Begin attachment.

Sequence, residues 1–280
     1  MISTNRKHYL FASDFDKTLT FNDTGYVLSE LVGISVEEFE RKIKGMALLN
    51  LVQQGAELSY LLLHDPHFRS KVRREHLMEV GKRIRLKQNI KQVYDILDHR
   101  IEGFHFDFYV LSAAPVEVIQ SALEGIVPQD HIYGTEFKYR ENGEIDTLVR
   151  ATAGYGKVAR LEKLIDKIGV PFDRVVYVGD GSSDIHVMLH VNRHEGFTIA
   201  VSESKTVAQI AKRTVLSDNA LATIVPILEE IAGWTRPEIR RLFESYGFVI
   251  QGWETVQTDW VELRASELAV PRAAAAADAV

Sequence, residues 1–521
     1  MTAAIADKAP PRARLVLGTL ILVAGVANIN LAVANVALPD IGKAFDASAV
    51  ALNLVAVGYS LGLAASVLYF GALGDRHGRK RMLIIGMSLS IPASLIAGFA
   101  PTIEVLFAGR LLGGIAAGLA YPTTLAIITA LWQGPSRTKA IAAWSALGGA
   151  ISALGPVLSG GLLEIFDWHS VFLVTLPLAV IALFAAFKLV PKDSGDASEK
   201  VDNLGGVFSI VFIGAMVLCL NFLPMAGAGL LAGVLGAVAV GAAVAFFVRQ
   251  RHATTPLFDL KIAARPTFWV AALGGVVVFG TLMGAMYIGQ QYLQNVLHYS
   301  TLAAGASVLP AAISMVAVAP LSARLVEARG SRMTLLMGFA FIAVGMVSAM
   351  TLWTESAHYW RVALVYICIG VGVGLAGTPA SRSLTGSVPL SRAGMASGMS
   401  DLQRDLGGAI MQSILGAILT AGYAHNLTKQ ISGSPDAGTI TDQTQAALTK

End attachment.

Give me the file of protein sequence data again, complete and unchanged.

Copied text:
Sequence, residues 1–280
     1  MISTNRKHYL FASDFDKTLT FNDTGYVLSE LVGISVEEFE RKIKGMALLN
    51  LVQQGAELSY LLLHDPHFRS KVRREHLMEV GKRIRLKQNI KQVYDILDHR
   101  IEGFHFDFYV LSAAPVEVIQ SALEGIVPQD HIYGTEFKYR ENGEIDTLVR
   151  ATAGYGKVAR LEKLIDKIGV PFDRVVYVGD GSSDIHVMLH VNRHEGFTIA
   201  VSESKTVAQI AKRTVLSDNA LATIVPILEE IAGWTRPEIR RLFESYGFVI
   251  QGWETVQTDW VELRASELAV PRAAAAADAV

Sequence, residues 1–521
     1  MTAAIADKAP PRARLVLGTL ILVAGVANIN LAVANVALPD IGKAFDASAV
    51  ALNLVAVGYS LGLAASVLYF GALGDRHGRK RMLIIGMSLS IPASLIAGFA
   101  PTIEVLFAGR LLGGIAAGLA YPTTLAIITA LWQGPSRTKA IAAWSALGGA
   151  ISALGPVLSG GLLEIFDWHS VFLVTLPLAV IALFAAFKLV PKDSGDASEK
   201  VDNLGGVFSI VFIGAMVLCL NFLPMAGAGL LAGVLGAVAV GAAVAFFVRQ
   251  RHATTPLFDL KIAARPTFWV AALGGVVVFG TLMGAMYIGQ QYLQNVLHYS
   301  TLAAGASVLP AAISMVAVAP LSARLVEARG SRMTLLMGFA FIAVGMVSAM
   351  TLWTESAHYW RVALVYICIG VGVGLAGTPA SRSLTGSVPL SRAGMASGMS
   401  DLQRDLGGAI MQSILGAILT AGYAHNLTKQ ISGSPDAGTI TDQTQAALTK